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I live in the UK and have recently started doing some small investing (using eToro), buying stocks and such, and I was wondering the following.

For important context, I am employed at a company where the employer handles all taxing themselves, so I have never needed to self-report tax etc.

If I made, let's say, £200 profit from a trade and withdraw it, do I have to pay tax on that £200? Both in the case that I stay under the £12570 threshold of yearly income, or in the case that that £200 makes me go over that threshold?

I'm very unknowledgeable on finances and such, so if I do have to pay taxes on this, how do I actually do that in practice?

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You will likely need to start doing self-assessment now that you are making money from investing. Whether you actually are liable to pay taxes depends on multiple factors. In response to specific points in your question:

Do I need to, and how do I, pay tax on income from investing?

Generally yes if you are resident in UK you need to declare income and gains from investing, unless they are

  • held in specific tax wrappers e.g. ISA, SIPP
  • from specific types of tax advantaged investments, e.g. VCT, EIS

How do I – via HMRC Self Assessment. You can fill in a tax return for the tax year (ending 5 April) any time after that tax year ends and before 31 Jan the following year.

I am employed at a company where the employer handles all taxing themselves

PAYE income tax and NI maybe, but it sounds like you are talking about either additional income, or a capital gain, see next point

If I made, let's say, £200 profit from a trade and withdraw it, do I have to pay tax on that £200? Both in the case that I stay under the £12570 threshold of yearly income, or in the case that that £200 makes me go over that threshold

Profit from trades would usually be taxable as Capital Gain rather than Income. You have a Capital Gains annual allowance, separate to Income Tax] – so small gains like this will likely not be taxed – but yes you should still declare them, and HMRC will figure out whether you exceed the threshold.

In this scenario you describe, for avoidance of doubt: the gain occurs when you sell the stock. And it doesn't matter whether you then withdraw the money from your eToro account or not. It's when you make the money, i.e. the sale. No capital gains tax is payable on unrealised gains though, only when you sell.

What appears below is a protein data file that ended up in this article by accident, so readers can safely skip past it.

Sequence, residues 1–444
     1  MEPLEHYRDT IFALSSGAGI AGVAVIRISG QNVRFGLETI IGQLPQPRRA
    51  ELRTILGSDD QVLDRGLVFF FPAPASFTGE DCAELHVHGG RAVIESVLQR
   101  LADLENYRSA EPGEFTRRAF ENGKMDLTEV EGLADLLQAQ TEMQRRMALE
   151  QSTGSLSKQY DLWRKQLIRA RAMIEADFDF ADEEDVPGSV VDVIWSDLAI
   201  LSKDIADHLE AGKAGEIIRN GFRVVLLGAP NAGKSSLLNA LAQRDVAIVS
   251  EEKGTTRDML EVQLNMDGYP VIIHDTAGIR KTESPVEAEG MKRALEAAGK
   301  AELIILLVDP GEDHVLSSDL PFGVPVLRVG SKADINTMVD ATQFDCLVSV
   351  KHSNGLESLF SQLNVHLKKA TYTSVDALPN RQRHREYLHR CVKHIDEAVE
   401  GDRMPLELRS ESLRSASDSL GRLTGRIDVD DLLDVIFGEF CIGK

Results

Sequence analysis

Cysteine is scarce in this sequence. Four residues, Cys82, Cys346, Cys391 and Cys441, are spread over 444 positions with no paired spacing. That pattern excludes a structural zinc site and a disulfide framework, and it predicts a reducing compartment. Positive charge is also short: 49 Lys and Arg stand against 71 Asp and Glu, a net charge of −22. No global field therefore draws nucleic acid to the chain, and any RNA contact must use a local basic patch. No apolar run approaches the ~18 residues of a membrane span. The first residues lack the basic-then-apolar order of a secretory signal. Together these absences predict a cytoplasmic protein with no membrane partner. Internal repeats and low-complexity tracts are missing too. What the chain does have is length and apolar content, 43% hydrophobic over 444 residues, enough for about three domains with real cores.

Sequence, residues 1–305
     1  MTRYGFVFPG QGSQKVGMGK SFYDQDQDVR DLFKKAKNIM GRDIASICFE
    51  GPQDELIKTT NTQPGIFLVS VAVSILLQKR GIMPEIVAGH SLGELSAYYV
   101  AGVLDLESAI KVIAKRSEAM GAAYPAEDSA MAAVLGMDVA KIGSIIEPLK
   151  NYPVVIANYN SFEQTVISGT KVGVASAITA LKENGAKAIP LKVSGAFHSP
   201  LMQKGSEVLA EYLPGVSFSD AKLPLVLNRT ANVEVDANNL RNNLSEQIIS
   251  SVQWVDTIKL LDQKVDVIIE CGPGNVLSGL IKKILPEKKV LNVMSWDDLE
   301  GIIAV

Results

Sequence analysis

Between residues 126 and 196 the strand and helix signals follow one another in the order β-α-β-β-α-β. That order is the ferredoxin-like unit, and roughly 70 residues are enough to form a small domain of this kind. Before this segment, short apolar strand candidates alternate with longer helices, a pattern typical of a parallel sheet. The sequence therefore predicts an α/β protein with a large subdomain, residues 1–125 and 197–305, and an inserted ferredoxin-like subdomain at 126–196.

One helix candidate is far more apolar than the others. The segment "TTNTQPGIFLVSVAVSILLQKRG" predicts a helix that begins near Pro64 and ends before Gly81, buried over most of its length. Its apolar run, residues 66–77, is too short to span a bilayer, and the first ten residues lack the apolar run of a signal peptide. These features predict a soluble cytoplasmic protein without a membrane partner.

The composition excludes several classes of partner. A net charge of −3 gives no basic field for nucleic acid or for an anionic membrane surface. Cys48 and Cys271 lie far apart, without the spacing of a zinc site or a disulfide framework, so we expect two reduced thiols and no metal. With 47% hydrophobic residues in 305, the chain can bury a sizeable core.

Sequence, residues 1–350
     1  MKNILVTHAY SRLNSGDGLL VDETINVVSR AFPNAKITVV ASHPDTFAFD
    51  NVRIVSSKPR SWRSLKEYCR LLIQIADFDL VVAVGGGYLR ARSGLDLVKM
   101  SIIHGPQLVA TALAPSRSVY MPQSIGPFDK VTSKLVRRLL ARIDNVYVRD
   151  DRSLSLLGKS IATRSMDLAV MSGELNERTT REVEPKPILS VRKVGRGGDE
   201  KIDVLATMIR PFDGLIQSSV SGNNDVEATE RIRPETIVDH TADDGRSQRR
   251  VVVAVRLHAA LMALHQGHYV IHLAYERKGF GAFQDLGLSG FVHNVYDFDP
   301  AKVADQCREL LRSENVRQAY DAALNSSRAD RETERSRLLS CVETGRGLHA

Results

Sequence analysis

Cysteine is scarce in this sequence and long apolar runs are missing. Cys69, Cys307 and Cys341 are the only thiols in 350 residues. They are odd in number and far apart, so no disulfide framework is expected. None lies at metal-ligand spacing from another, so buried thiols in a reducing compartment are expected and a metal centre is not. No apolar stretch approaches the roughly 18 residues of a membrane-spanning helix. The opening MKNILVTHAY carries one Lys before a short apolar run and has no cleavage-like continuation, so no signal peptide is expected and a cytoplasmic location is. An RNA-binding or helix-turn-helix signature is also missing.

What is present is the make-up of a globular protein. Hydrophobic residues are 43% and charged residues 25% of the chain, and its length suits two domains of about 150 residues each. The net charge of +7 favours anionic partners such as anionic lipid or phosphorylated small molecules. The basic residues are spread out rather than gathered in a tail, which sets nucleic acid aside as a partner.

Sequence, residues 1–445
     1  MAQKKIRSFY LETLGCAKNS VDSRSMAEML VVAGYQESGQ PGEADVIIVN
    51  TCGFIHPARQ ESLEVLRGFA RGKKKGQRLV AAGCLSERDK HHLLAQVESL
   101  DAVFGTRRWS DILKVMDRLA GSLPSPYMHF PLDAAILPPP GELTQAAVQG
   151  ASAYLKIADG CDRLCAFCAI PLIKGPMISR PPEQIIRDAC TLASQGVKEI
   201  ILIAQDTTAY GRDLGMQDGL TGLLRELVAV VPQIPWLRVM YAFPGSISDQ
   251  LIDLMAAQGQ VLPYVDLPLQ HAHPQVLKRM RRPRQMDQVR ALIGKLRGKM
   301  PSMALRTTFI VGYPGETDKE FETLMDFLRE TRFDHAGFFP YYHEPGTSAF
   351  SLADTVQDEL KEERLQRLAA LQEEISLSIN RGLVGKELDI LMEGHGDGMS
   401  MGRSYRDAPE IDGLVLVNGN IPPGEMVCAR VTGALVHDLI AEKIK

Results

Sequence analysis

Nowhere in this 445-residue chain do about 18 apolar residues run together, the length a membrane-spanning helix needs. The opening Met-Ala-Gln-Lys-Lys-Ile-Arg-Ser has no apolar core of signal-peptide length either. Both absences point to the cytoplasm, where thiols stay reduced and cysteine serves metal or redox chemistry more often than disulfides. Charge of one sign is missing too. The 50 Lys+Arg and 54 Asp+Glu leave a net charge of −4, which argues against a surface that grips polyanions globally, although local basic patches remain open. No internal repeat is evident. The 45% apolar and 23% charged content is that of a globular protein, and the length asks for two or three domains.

Note that the capital gains allowance is due to halve from 6 April 2023.

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  • Thanks for the clear and concise answer :D This helps a lot ^^
    – Basil
    Feb 6, 2023 at 15:32
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    You do not need to tell HMRC about capital gains below the exempt amount. "yes you should still declare them" - what do mean by "should" here?
    – AakashM
    Feb 6, 2023 at 15:46
  • @AakashM If sure one is below the threshold then fair enough, although NB: the relevant “Do I need to send a Self Assessment tax return” quiz question says “You usually have to pay Capital Gains Tax when you sell or give away (second option) any other assets, such as shares or a holiday home” Feb 7, 2023 at 9:17
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I don't know if your £200 is just an example, or a realistic approximation to how much you actually made. It matters.

For important context, I am employed at a company where the employer handles all taxing themselves, so I have never needed to self-report tax etc.

You already know about the concept that some people have to submit a self-assessment tax return so I won't explain the idea.

If I made, let's say, £200 profit from a trade and withdraw it, do I have to pay tax on that £200? Both in the case that I stay under the £12570 threshold of yearly income, or in the case that that £200 makes me go over that threshold?

The Personal Allowance (the £12750 you mention here) applies to income, but the money you 'make' by buying an asset low and selling it high is capital. For this, you need to consider Capital Gains Tax. This has a completely separate allowance and:

You only pay Capital Gains Tax if your overall gains for the tax year (after deducting any losses and applying any reliefs) are above the annual exempt amount.

For the most recent complete tax year (April 2021-2), this annual exempt amount was £12300 for most people. If your capital gains were less than that, then you do not need to tell HMRC about them.

You can use the HMRC Do I need to send a Self Assessment tax return online tool to help you. Note that the question about CGT is "Do you need to pay any Capital Gains Tax?", not "Did you make a capital gain?". If you made less than the CGT allowance in capital gains, then your answer to the question "Do you need to pay any Capital Gains Tax?" is NO, and (if your other answers allow), you do not need to send a self assessment tax return.

You can self-assess even if you don't need to, but note that once you are down on HMRC's list of "people who self-assess", it can be a pain to get off that list at such time as your tax affairs become simpler.

so if I do have to pay taxes on this, how do I actually do that in practice?

If you make more capital gains than the CGT allowance, self-assessment will allow you to tell HMRC about it, so they can assess your tax liability and provide payment options.

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